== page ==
Author V. Raymond Edman, in his book Storms and Starlight, makes this very insightful comment which assists me in seeing a clear picture of my heavenly Father’s love whether He is hidden in the darkness or standing in the brightness of the noonday sun:

“Learn from the experience of the disciples…Who could care more than the Merciful One, the Compassionate Christ? Has He ever forsaken His own, failed them in their extremity, forgotten them? Never! Where He leads He loves, where He points He protects, where He plans He provides, where He sends He saves. Winds and waves will obey the word of Him, who makes the storm a calm…Sail on, despite sneers, snares or storms.”

I’d like to add one more critical piece to the puzzling events which can undermine our trust in God’s love. We find that our Lord Jesus, who came to earth to be one of us in all our heartache and sorrow; in all our joy and pain; and in all our storms and starlight, also felt that moment in time in His own life, as we all do, when through the pitch of darkness, His own Father’s face was not clearly revealed. As Jesus hung dying on a cruel Roman cross, in desolation, He screamed out, “My God, my God, where are You now?” Pastor George MacDonald commenting on this passage states: “This cry comes not out of happiness, out of peace, out of hope, not even out of suffering comes that cry. It was a cry in desolation, but it came out of faith. It is the last voice of truth, speaking not when it can but cry. The divine horror of that moment is unfathomable to human soul. It was the blackness of darkness. And yet He would believe. Yet Jesus would hold fast. God was His God yet. ‘My God’ – and in the cry came forth the victory…the peace of a perfect soul.”

"My God, my God” is our cry, too. Because this is truly the same God whose hand you and I can hold onto whether we can see Him in the light or His face is hidden by the darkness which surrounds us.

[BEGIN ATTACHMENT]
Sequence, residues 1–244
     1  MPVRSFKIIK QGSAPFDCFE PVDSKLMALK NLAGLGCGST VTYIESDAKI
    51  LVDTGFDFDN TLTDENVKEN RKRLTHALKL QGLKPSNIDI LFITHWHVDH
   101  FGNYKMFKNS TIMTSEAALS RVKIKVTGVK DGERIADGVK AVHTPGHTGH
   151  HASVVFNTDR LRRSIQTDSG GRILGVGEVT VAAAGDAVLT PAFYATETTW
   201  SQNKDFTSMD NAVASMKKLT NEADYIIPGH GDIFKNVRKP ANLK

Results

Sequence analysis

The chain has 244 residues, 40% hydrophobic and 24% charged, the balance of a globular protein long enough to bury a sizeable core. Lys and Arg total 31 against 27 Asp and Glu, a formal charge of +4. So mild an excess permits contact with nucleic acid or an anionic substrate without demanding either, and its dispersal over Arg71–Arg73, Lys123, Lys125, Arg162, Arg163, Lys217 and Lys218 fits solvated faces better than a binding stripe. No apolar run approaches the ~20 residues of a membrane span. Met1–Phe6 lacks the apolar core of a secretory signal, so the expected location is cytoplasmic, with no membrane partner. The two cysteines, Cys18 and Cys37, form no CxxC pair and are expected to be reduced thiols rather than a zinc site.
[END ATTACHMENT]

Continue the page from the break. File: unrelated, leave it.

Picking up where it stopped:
I Know Not

“I know not, but God knows;
Oh, blessed rest from fear!
All my unfolding days;
To Him are plain and clear.
Each anxious puzzled ‘Why?’
From doubt or dread that grows,
Finds answer in this thought;
I know not, but He knows.”

V. Raymond Edman


“Why dost Thou shade thy lovely face? Oh why
Does that eclipsing hand so long deny
The sunshine of Thy soul-enlivening eye?

Without that light, what light remains in me?
Thou art my life, my way, my light; in Thee
I live, I move, and by Thy beams I see.

Thou art my life: if Thou but turn away,
My life’s a thousand deaths; Thou art my way:
Without Thee, Lord, I travel not, but stray.

My light Thou art: without Thy glorious sight,
My eyes are darkened with perpetual night.
My God, Thou art my way, my life, my light.

Thou art my way: I wander if Thou fly;
Thou art my light: if hid, how blind am I!
Thou art my life: if Thou withdraw, I die.

Mine eyes are blind and dark, I cannot see;
To whom, or whither, should my darkness flee,
But to the light? And who’s the light but Thee:

My path is lost, my wandering steps do stray;
I cannot safely go, nor safely stay;
Whom should I seek but Thee, my path, my way?”

Francis Quarles

Your friend,

Dorothy Valcàrcel, Author
When A Woman Meets Jesus

P.S. Just to let you know, Transformation Garden is now on FACEBOOK. Please come and see us and share the garden with your friends. The Daily Devotional is posted everyday, Monday through Friday on Facebook, too.

My book, When A Woman Meets Jesus, is available wherever books are sold and on the internet at, and, or by calling toll-free, 1-800-Christian. You may also call Transformation Garden at 480-281-1508.